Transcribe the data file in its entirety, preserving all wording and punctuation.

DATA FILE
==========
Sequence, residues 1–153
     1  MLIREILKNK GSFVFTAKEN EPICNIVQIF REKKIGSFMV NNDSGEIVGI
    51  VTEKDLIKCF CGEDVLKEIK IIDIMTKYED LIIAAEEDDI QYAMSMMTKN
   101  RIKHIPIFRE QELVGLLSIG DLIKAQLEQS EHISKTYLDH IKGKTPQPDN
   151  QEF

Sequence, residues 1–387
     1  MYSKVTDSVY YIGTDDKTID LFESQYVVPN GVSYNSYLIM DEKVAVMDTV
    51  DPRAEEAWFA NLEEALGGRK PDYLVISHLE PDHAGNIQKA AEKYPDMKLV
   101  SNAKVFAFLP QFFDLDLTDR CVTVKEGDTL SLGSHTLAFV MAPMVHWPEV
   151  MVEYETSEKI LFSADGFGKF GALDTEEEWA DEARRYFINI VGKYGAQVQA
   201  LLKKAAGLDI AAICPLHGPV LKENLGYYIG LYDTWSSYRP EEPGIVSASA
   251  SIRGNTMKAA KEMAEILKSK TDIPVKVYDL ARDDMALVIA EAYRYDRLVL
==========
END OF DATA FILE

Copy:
Sequence, residues 1–153
     1  MLIREILKNK GSFVFTAKEN EPICNIVQIF REKKIGSFMV NNDSGEIVGI
    51  VTEKDLIKCF CGEDVLKEIK IIDIMTKYED LIIAAEEDDI QYAMSMMTKN
   101  RIKHIPIFRE QELVGLLSIG DLIKAQLEQS EHISKTYLDH IKGKTPQPDN
   151  QEF

Sequence, residues 1–387
     1  MYSKVTDSVY YIGTDDKTID LFESQYVVPN GVSYNSYLIM DEKVAVMDTV
    51  DPRAEEAWFA NLEEALGGRK PDYLVISHLE PDHAGNIQKA AEKYPDMKLV
   101  SNAKVFAFLP QFFDLDLTDR CVTVKEGDTL SLGSHTLAFV MAPMVHWPEV
   151  MVEYETSEKI LFSADGFGKF GALDTEEEWA DEARRYFINI VGKYGAQVQA
   201  LLKKAAGLDI AAICPLHGPV LKENLGYYIG LYDTWSSYRP EEPGIVSASA
   251  SIRGNTMKAA KEMAEILKSK TDIPVKVYDL ARDDMALVIA EAYRYDRLVL